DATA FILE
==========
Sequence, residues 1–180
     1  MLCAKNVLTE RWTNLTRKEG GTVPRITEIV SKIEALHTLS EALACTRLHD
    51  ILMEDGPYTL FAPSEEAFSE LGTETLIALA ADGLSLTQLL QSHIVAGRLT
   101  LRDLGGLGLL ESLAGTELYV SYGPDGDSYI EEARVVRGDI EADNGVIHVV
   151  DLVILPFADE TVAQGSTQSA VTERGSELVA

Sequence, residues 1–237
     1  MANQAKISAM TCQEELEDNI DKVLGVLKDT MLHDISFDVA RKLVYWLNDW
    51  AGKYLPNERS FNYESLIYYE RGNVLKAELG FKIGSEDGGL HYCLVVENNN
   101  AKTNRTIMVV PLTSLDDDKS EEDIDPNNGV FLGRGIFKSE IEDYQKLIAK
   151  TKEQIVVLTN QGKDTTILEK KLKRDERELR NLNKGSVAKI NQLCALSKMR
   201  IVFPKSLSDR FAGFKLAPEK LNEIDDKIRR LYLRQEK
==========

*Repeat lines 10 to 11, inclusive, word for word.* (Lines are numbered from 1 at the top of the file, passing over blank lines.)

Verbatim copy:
   151  TKEQIVVLTN QGKDTTILEK KLKRDERELR NLNKGSVAKI NQLCALSKMR
   201  IVFPKSLSDR FAGFKLAPEK LNEIDDKIRR LYLRQEK